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nanomsgxx is a binding of the nanomsg library for C++11.

The library is still under development and changes may be brought to the API.

Building and installing

Building and installing with waf

nanomsgxx's build is driven by waf, you can get more information about what waf is and how it works here.

waf is packaged with nanomsgxx, all you should need is a python interpreter and running these commands:

./waf configure
./waf build
./waf install

The library and headers will be installed on your system and you'll be able to link your program against libnanomsgxx.

Building and installing with CMake

nanomsgxx also supports CMake builds on various architectures (tested with Windows 10 + VisualStudio2017 and Ubuntu16.04 + g++/clang/c++).

  • install CMake and a CMake generator, e.g. GNU make. See here for a list of available CMake generators and how to use them.

On Linux

mkdir -p build && cd $_

# available build types: Debug, Release
# install location may be adapted with -DCMAKE_INSTALL_PREFIX=path/to/install/nanomsgxx
cmake -DCMAKE_BUILD_TYPE=Release ..

# build example with GNU make

# run tests
make test

# install to default location (warning: uninstalling is not that easy)
sudo make install
sudo ldconfig

On Windows using Visual Studio 2017

Since VisualStudio 2017 CMake is supported (see this tutorial).

mkdir build
cd build

cmake -G "Visual Studio 15 2017" ..

This will generate a VisualStudio 2017 nanomsgxx.sln file in folder build/. Building project ALL_BUILD will build the whole solution. Building project INSTALL (with VS2017 started as administrator) will install the project.

Getting started

nanomsgxx aims to provide a very thin abstraction on top of the nanomsg C API, while taking advantage of C++11's features to make the code easier to read and write.

Quick example

#include <iostream>
#include <system_error>
#include <nnxx/message.h>
#include <nnxx/pair.h>
#include <nnxx/socket.h>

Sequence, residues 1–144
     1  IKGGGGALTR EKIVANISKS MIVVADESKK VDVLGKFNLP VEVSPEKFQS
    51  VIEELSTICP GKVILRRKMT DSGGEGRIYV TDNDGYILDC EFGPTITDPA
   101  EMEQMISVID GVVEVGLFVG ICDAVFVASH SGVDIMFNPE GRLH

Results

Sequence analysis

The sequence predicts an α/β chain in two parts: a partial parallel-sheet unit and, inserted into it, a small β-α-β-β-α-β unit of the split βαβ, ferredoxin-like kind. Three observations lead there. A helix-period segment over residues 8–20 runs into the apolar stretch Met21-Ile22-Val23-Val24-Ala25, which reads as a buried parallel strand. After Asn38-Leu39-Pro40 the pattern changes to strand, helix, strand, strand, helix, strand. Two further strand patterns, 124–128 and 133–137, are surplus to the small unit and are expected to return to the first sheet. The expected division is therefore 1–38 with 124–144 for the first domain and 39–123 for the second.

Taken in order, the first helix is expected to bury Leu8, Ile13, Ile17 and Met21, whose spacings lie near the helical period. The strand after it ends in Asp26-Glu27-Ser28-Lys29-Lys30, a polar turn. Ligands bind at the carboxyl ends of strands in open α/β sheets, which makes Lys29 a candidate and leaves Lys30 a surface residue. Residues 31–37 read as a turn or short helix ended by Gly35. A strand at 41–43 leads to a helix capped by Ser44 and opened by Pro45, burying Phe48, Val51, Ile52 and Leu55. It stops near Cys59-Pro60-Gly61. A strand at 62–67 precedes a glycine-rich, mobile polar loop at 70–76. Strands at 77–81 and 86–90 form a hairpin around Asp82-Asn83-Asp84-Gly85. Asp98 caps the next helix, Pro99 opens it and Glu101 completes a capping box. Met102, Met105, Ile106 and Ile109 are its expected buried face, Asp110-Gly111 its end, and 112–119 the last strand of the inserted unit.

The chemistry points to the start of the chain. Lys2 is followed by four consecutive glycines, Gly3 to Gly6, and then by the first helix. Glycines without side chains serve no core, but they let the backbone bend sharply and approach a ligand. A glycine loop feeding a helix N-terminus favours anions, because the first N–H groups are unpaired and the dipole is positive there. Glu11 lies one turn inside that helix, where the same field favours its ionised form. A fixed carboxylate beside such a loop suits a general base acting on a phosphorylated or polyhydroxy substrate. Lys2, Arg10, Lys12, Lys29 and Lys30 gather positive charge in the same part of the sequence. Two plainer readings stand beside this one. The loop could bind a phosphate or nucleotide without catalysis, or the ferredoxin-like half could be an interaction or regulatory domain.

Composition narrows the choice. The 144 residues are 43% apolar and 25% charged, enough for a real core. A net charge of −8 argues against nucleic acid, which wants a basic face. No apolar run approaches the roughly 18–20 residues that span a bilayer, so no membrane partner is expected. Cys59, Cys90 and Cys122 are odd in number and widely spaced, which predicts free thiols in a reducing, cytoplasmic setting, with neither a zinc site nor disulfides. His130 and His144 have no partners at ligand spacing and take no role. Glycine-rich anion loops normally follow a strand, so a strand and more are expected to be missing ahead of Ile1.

int main() {
  try {
    nnxx::socket s1 { nnxx::SP, nnxx::PAIR };
    nnxx::socket s2 { nnxx::SP, nnxx::PAIR };
    const char *addr = "inproc://example";


    s1.send("Hello World!");

    nnxx::message msg = s2.recv();
    std::cout << msg << std::endl;
    return 0;
  catch (const std::system_error &e) {
    std::cerr << e.what() << std::endl;
    return 1;

What did we write?

You've probably recognized most of these calls if you're familiar with nanomsg's API. nanomsgxx uses the nnxx namespace, here we have...

  • declared two socket objects in the SP domain using the PAIR protcol and connected them together
  • sent "Hello World!" from the first socket to the second
  • used the nnxx::socket::recv method to retrieve the message on the receiver side
  • printed the received message to stdout

A few highlights

  • as you can expect from a C++ abstraction there's no need to manually tell when to release resources, this is handled automatically in the destructors
  • the nnxx::message type automatically manages buffers for zero-copy, making high performance code easy to write.
  • error cases are reported throught exceptions that are subclasses of std::system_error

The next step

If you're getting excited about using nanomsgxx in your next C++ project then give the documentation a look and learn more about how it abstracts the pain away from building messages, polling, timeouts and more... The library provides many useful abstractions that make developing with nanomsg easy and safe.



nanomsg website:

nanomsg sources: